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17 minutes ago, Stu said:

Hi Apollo,

Welcome to the forum.

Are you saying this is a discovery you have made, or just that you are the first to see it with amateur equipment? Is it reported in scientific journals etc?

Stu

It is certainly my discovery, nobody has ever imaged this, nor tried to explain it.  There are some pieces online about serpentine field line's but this was all simulation based trying to explain coronal heating jets with magnetic re-connection  but has zero association with what I have photographed as being a visible photo-spheric phenomena.    It is not reported in any scientific journals.

 

Do a google search for serpentine field line, see what comes up :)   You will see my images match the theoretical diagrams perfectly, these diagrams are the only evidence I can find that can prove what I am imaging.   

 

It has never been documented because the imaging technology just did not exist until recently for violet wavelengths, and most imager's focus on hydrogen alpha, and stacking single images.  I made note that the ferrets are not visible in stacked images, and are essentially invisible during maximum solar activity because the faint feature get's over exposed by active regions.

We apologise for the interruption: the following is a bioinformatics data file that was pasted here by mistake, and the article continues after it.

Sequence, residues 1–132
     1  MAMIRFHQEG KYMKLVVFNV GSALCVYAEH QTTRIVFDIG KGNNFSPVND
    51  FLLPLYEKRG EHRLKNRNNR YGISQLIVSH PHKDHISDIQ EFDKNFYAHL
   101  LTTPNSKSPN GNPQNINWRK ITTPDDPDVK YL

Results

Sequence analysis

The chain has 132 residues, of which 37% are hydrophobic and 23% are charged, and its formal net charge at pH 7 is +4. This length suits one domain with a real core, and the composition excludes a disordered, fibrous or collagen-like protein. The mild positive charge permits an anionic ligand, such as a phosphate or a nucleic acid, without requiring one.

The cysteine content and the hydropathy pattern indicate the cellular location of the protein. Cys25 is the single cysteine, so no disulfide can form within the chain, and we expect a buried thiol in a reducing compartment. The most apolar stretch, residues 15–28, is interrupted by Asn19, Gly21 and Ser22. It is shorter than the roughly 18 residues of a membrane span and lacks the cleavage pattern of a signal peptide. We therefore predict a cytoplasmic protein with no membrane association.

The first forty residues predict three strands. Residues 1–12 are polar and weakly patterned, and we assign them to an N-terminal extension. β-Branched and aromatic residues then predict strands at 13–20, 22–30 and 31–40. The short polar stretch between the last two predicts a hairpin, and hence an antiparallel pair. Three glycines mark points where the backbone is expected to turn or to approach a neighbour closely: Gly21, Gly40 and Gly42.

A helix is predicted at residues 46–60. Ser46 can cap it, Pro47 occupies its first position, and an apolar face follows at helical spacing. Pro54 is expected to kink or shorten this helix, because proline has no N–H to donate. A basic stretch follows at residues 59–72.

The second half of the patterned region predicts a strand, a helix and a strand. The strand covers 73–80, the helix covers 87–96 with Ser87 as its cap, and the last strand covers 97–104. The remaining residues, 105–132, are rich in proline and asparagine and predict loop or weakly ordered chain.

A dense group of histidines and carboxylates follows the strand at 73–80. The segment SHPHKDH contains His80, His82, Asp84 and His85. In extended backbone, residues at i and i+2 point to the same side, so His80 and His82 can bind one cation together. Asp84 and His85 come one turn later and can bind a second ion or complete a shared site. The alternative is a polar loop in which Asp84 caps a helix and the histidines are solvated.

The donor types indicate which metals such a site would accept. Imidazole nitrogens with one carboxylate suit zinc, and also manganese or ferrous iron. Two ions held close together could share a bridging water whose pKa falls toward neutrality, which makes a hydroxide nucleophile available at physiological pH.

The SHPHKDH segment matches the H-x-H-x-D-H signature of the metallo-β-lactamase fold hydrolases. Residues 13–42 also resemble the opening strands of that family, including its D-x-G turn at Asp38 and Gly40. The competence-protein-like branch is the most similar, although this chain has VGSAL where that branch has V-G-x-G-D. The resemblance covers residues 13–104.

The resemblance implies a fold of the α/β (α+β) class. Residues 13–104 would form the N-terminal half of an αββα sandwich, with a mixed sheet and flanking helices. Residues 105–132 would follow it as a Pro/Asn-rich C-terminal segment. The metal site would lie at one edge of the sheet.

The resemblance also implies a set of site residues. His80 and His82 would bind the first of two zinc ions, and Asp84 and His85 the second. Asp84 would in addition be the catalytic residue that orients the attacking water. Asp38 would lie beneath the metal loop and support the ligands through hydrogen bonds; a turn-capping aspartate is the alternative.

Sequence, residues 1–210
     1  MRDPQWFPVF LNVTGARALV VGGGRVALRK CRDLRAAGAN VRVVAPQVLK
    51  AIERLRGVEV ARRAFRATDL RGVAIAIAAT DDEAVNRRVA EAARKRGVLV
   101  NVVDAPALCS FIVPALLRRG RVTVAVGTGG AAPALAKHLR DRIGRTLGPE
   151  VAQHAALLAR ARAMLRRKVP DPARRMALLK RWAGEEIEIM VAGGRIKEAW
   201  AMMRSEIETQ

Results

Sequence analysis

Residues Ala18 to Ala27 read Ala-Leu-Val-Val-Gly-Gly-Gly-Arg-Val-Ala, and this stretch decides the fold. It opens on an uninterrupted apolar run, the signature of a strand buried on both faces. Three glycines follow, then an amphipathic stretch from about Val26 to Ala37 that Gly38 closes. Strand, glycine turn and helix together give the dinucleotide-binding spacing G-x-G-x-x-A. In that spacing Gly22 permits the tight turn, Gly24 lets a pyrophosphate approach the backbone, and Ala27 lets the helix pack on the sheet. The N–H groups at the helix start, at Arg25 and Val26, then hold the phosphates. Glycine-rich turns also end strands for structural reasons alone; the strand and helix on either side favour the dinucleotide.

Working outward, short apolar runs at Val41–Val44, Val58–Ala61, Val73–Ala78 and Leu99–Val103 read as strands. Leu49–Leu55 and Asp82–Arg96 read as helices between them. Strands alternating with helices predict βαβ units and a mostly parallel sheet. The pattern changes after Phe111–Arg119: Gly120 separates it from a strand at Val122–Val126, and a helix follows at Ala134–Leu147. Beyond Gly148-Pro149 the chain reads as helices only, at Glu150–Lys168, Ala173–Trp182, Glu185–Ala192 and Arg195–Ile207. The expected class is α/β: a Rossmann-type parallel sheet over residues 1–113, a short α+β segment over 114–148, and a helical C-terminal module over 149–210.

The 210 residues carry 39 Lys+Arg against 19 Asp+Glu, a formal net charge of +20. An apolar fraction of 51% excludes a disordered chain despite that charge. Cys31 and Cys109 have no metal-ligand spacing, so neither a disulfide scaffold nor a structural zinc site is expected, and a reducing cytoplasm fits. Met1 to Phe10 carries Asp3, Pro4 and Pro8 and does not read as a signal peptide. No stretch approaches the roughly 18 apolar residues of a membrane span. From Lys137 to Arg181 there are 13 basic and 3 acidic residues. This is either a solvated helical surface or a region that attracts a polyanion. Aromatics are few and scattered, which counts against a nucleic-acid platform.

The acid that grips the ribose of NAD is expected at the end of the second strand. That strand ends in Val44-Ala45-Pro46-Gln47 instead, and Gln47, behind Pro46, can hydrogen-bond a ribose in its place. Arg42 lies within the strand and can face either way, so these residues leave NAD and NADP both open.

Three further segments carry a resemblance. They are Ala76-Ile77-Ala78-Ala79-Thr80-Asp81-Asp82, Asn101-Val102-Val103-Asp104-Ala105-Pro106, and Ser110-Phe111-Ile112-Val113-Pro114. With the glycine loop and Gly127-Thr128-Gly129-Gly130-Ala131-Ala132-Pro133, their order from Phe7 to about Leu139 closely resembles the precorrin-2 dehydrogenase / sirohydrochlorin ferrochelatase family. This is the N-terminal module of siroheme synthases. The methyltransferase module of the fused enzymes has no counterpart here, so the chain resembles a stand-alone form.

Another explanation why they were never discovered is because the solar focus was always on high flare activity. Ferrets were always concealed by the high activity, and 15 years ago high solar activity was all the buzz.

  There are some documentations on research gate about magnetic serpentine line's dated from 2014 but they explain nothing.

 

Now that there is zero solar activity, we easily find the ferrets and realize that yes, they are something new associated with solar minimum,

This is a major activity during solar minimum.

 

 These are literally tracing some field activity like a wake caused by a boat.  

 

I have confirmed the discovery with several world class solar imagers, and they will all agree that this is my discovery.  

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I see that stacking could also obliterate faint structure, unless special care is taken. It is interesting that you note that the structures can only really be seen during low solar activity (if only because it gives us something to look for). I am currently working on a project with the Kapteyn Astronomical Institute and other groups of professional astronomers to detect faint structures surrounding galaxies, including ultra-diffuse dwarf galaxies. It would be interesting to see whether such techniques could be used to detect the structures you see. The nice thing about our method is that they also give a statistical likelihood that the structures detected could be generated by random noise. So again, what equipment did you use to create these images, and what post-processing was used (if any).

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7 minutes ago, michael.h.f.wilkinson said: